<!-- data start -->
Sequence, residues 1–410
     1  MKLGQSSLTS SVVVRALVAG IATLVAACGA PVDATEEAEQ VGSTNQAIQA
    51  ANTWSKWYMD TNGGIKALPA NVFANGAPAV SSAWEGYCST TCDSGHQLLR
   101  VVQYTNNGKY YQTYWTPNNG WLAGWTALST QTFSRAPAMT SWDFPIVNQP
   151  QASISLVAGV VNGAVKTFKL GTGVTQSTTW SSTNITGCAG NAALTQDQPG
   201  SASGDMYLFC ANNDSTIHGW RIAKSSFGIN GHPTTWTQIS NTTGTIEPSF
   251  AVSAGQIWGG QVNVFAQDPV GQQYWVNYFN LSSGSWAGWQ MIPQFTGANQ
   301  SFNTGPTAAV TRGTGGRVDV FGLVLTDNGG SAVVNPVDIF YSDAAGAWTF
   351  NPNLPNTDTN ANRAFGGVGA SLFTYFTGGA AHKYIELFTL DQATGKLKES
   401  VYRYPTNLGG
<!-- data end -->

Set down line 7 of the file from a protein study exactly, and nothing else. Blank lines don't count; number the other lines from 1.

   251  AVSAGQIWGG QVNVFAQDPV GQQYWVNYFN LSSGSWAGWQ MIPQFTGANQ